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Water Conservation Critical As Drought Worsens

Photo courtesy of Lower Colorado River Authority
Levels in Lake Travis are at record lows. That's just one symptom of a drought that could push Austin into tighter water restrictions.

Despite some recent light rain, the Lower Colorado River Authority continues to urge Texans to conserve water. Central Texas' rainfall levels are 17 and a half inches below average.

LCRA meteorologist Bob Rose said it could be months before lake levels return to normal, if past droughts are any indication.

"When it finally started raining in the fall of 2009, it took til probably about the fourth storm before we finally started seeing a reaction in the tributaries going into the Highland lakes," Rose said. "Even though we may get, say, an inch of rain across the hill country, right now that won’t translate into any runoff coming into our lakes."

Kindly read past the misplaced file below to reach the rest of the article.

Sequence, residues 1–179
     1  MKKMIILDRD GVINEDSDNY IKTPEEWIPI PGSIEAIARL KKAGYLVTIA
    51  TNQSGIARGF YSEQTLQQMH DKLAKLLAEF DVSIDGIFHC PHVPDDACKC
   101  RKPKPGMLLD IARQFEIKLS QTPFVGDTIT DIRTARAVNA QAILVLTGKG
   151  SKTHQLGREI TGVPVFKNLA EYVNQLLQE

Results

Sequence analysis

Austin's Water Utility is at Stage One restrictions, meaning homeowners can only water their lawns twice a week. Unless more rain comes soon, low water level triggers could prompt the LCRA to ask customers--like the City of Austin--to tighten water restrictions, perhaps as early as the end of next month.


Audrey White is a news intern at KUT. She is currently studying at the University of Texas at Austin.
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